Photos by Jason Quigley. Click on each to make 'em bigger.
Well, damn. That was just about as great a show as I have ever seen. I've seen the Boss before—he was good, but not that good. For more than three hours at the Rose Garden last night, Bruce Springsteen and the E Street Band did what they are legendary for doing—playing impassioned, major-chord, sing-along anthems about life, love, and loss, and pretty much electrifying everyone in the room. I don't know if I can adequately explain why last night's concert was as good as it was, but it was downright astonishing.
Bruce's team must know he's on a hot streak right now, I think; the publicist was forthcoming in inviting the Mercury to the show, making everything easy and effortless—kind of unheard of for a big arena show, at least for us little guys at the small weeklies. Everyone in that giant room felt wanted, invited, even needed; the bright house lights stayed on for probably a good third of the concert, illuminating every corner and face. It worked, because the entire audience was rapt from start to finish. Can you imagine any other act getting away with that?
More photos and thoughts after the jump.
The emotional high point came early, after an opening streak of new songs: "My City of Ruins" was stretched out to 20 minutes, with Bruce speaking softly over a slow, steady vamp—about friends and lost ones, and passing years. "I'm old," he said, "but I got work to do." Then he added, "I love my job!" He talked about his adopted hometown of Asbury Park, New Jersey, which fell into blight and abandonment in the past 25 or 30 years, only to be revived, slowly, surely, the past of couple summers. I don't remember him mentioning Hurricane Sandy then; he didn't need to, as we were all thinking about it. From there, it was onto "Spirits in the Night" and a round of audience requests.
Pulling up handwritten signs from members of the crowd, he went through a stream of requests, kicked off by the most elaborate handmade sign, a big spinning wheel with a number of different choices. ("The Ghost of Tom Joad," "Roulette," others.) He brought up an audience member to spin it, and it landed on "Steve's Choice," and of course Van Zandt picked "Loose Ends," the River outtake that ended up on the Tracks box set, a track that frequently makes the rotation on the Little Steven's Underground Garage radio show.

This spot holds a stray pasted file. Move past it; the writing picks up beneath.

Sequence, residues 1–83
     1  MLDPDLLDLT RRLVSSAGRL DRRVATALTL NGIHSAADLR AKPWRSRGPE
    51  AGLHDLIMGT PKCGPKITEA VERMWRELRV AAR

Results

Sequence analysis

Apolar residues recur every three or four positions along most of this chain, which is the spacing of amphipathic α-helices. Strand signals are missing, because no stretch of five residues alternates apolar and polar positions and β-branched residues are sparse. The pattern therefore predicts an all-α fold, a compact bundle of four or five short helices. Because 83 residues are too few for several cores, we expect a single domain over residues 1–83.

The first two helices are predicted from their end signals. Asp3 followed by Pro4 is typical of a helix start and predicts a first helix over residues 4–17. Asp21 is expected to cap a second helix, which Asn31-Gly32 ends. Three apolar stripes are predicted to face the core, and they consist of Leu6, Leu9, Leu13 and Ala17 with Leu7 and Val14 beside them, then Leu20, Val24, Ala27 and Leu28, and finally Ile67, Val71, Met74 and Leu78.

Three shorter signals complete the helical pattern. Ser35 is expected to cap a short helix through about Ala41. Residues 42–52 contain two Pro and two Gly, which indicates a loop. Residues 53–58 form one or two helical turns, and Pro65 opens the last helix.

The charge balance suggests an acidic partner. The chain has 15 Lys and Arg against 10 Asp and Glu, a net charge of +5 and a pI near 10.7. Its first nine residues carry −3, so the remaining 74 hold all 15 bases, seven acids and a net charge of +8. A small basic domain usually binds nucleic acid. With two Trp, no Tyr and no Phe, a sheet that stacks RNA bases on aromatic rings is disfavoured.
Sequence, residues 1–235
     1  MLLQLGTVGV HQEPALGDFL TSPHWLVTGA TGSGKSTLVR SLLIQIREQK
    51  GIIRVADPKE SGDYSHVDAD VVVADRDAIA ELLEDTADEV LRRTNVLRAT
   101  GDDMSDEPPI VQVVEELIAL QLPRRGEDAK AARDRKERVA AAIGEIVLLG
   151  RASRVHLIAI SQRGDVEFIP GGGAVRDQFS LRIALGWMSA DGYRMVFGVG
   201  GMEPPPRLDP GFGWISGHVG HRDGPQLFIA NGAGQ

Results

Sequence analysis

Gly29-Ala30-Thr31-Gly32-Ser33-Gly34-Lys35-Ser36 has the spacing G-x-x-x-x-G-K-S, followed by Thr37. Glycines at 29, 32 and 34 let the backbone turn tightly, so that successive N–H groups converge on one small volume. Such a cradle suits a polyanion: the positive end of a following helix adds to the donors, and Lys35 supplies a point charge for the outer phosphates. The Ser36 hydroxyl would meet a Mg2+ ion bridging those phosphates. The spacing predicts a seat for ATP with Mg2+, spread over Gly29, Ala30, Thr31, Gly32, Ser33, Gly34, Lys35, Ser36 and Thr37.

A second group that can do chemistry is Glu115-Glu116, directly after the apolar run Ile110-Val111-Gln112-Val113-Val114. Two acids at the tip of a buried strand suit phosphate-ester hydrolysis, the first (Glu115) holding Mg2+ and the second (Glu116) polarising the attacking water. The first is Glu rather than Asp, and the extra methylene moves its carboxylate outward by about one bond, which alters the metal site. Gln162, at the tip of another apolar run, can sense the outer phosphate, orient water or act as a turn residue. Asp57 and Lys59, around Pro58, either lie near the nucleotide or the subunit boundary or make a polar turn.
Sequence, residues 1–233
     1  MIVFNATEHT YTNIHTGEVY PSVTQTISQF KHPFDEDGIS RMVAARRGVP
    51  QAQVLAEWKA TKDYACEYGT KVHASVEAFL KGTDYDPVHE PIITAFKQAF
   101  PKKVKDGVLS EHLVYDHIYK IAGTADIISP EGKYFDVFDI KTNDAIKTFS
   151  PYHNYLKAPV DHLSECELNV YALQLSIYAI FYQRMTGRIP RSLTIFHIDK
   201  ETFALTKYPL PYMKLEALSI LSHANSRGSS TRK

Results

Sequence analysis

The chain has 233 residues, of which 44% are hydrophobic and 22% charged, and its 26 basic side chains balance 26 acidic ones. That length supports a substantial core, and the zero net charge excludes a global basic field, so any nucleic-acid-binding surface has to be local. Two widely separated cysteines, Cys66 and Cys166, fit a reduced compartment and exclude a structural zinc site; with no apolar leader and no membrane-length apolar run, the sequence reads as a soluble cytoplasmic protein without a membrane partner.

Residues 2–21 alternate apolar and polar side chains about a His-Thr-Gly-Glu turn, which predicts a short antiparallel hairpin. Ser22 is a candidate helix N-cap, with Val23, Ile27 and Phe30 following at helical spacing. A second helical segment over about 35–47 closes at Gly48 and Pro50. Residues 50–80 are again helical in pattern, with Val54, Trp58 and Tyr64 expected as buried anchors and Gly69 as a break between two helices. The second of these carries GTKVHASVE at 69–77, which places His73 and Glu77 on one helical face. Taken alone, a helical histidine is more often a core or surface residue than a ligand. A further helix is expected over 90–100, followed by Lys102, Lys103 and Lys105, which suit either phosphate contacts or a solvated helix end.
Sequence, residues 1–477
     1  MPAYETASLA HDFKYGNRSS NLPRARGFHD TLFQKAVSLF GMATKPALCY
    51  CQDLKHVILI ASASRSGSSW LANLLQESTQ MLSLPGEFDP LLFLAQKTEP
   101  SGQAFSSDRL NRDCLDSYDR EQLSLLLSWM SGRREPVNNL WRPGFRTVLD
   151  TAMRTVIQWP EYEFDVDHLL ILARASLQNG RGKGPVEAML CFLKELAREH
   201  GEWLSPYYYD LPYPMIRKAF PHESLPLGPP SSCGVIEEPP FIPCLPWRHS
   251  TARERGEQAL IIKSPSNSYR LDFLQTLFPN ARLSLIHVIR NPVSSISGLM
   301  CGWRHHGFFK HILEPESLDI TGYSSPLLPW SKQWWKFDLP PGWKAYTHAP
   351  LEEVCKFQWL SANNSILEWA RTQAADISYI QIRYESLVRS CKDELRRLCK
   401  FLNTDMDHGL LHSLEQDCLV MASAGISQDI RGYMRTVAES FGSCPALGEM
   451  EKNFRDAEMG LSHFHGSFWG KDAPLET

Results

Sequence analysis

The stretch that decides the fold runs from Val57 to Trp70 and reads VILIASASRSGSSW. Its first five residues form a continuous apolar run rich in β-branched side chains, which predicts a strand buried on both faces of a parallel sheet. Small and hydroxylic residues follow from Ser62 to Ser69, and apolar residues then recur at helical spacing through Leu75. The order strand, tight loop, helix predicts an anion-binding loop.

Another handmade sign read, "It's my 50th birthday, play 'Growin' Up'!" And so they did, bringing the man who made the sign up on stage to sing the last verses. You can imagine how stoked the dude was (you have never been this happy, and neither have I), and it kicked off a trend of a surprising amount of audience participation. Bruce brought dozens of people up with him to sing and dance, including a team of women in "Lesbians ♥ Bruce" for "Darlington County" (video!) and two little girls to try their hand at "Waitin' on a Sunny Day."
In short, it was just an incredible, magical night, and not a soul walked out of that arena disappointed. I'm not the biggest Bruce fan—sure, I've always liked him, but you know how nuts the real Springsteen fans can get—but last night might have made me a convert. The closing string of songs (the rare "Drive All Night," "The Rising," "Badlands," "Thunder Road," a soft and stunning "If I Should Fall Behind," "Born to Run," "Rosalita," "Dancing in the Dark," "Santa Claus Is Coming to Town," and "Tenth Avenue Freeze-Out") was absolutely mindblowing, with the house lights on full blaze for the final half hour. It was the kind of show to make you believe in God, or at least Jersey. I don't know why Bruce Springsteen and the E Street Band gave Portland such a miraculous show last night, and I'm pretty sure we didn't deserve it, but I'm definitely glad they did.